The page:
“It remains unclear why a history of depression might be linked to less favorable outcomes,” Burstein, who wasn’t involved in the study, said by email.
“The concern is that depression might compromise standard care,” Burstein added. “For instance, perhaps women who are depressed are less likely to get mammograms, or to receive timely evaluations and treatment for breast cancer, but this is just speculation.”
Hollywood actor Angelina Jolie's public disclosure in 2013 regarding her surgery for breast cancer led to a spike in genetic tests for a gene known to increase the deadly disease, a study has found.
Jolie lost her mother to ovarian and breast cancer and grandmother and aunt to breast cancer. In an op-ed piece in The New York Times -- a major US daily -- Jolie announced that she had undergone surgery in order to reduce her chances of getting the disease.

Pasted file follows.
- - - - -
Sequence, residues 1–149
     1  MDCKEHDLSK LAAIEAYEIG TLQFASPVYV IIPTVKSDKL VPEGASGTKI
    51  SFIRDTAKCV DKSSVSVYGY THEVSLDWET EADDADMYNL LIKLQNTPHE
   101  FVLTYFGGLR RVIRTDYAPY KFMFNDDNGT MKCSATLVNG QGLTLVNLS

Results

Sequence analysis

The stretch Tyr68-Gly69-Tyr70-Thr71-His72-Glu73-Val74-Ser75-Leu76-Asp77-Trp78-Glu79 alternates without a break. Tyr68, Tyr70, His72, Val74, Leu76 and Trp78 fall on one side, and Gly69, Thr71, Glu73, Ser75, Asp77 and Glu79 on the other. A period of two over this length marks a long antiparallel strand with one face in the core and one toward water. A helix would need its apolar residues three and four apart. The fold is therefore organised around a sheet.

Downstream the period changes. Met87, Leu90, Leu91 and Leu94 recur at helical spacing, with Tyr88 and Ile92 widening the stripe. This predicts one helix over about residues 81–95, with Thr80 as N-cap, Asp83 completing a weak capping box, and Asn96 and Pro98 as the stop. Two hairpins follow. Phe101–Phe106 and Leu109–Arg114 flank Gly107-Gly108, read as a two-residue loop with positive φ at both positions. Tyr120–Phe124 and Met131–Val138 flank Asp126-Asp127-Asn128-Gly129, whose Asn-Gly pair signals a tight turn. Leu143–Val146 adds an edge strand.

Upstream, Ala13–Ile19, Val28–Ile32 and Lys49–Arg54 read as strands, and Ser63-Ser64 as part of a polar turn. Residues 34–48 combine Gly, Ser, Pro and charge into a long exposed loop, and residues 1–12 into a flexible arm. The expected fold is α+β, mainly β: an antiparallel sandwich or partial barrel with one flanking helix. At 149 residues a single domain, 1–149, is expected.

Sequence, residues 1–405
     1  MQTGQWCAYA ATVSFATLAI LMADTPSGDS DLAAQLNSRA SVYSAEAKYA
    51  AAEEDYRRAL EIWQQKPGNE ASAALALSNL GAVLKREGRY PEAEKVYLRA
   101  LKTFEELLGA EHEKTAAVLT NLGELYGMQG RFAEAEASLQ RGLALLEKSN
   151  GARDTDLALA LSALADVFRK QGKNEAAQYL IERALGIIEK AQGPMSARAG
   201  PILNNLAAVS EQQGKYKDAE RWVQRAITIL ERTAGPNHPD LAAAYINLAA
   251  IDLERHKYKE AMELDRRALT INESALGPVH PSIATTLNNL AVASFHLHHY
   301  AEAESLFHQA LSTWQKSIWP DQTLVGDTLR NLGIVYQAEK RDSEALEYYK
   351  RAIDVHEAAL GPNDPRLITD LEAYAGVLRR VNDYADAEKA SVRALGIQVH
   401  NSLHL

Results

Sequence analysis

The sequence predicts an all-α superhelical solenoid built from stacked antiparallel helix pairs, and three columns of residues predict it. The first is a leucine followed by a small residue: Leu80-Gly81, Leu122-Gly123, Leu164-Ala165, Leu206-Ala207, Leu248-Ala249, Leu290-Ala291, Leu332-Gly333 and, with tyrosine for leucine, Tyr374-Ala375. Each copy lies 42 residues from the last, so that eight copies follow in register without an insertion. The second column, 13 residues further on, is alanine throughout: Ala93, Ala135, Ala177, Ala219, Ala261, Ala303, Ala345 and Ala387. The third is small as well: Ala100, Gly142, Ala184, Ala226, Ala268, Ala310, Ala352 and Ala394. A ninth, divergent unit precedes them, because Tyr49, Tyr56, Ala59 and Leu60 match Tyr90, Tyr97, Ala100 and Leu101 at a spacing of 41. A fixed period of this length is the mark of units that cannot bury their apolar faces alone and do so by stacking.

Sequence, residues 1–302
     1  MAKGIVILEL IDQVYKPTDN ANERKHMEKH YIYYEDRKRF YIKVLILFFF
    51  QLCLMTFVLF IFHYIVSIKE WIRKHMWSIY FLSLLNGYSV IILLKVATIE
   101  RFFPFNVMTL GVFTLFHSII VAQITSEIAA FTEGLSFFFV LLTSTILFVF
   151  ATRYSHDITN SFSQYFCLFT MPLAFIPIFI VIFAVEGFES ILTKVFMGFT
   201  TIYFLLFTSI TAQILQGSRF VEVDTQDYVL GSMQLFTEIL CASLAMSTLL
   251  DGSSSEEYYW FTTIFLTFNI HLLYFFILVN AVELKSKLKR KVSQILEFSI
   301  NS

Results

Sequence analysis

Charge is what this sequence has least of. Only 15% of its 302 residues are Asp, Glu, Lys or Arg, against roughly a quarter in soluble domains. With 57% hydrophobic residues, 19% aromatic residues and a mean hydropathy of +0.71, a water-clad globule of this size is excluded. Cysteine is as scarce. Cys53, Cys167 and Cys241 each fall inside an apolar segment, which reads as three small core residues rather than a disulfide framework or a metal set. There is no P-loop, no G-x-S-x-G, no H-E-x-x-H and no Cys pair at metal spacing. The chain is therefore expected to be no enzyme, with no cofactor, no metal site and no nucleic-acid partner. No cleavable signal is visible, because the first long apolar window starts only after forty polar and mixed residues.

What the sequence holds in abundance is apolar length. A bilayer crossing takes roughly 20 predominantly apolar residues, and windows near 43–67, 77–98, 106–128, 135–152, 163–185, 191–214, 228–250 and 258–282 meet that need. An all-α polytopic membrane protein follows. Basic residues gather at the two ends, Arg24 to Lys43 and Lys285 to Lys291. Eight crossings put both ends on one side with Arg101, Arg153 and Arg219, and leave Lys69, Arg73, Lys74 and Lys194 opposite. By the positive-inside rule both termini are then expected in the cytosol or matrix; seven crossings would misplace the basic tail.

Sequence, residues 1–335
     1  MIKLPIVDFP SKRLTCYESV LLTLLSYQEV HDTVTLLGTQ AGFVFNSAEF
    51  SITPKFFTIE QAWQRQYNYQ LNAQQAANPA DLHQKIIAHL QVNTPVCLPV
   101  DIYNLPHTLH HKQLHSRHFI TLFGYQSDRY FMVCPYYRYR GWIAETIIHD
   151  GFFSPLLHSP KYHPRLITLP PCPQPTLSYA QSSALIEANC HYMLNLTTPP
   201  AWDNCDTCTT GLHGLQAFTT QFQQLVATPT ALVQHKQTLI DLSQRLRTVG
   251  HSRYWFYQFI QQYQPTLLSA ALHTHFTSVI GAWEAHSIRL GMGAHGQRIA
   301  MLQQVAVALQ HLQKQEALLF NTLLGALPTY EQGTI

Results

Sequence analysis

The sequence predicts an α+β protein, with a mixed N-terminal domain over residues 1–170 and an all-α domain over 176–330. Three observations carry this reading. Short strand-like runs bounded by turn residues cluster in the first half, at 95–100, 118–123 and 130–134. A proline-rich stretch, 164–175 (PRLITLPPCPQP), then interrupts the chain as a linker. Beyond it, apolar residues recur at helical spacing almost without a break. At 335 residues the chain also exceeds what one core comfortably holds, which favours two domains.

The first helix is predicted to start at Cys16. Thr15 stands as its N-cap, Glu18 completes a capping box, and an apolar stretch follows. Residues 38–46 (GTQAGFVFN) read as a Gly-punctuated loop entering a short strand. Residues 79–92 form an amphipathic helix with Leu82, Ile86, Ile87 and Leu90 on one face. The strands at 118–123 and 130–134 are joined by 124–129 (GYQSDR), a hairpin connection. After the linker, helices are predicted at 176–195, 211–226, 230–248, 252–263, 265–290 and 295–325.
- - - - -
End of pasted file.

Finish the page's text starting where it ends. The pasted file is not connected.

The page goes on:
"My doctors estimated that I had an 87 per cent risk of breast cancer and a 50 per cent risk of ovarian cancer...I made a decision to have a preventive double mastectomy," wrote Jolie, in the article on May 14, 2013.
According to the study, led by researchers from Harvard Medical School in Boston, US, the rates of genetic testing for breast cancer increased by 64 per cent in the two weeks following Jolie's testimonial.
However, the rates of mastectomy did not increase among women who underwent BRCA gene testing. This suggests those who received the genetic test had a low risk of carrying the mutation in the first place, the researchers said.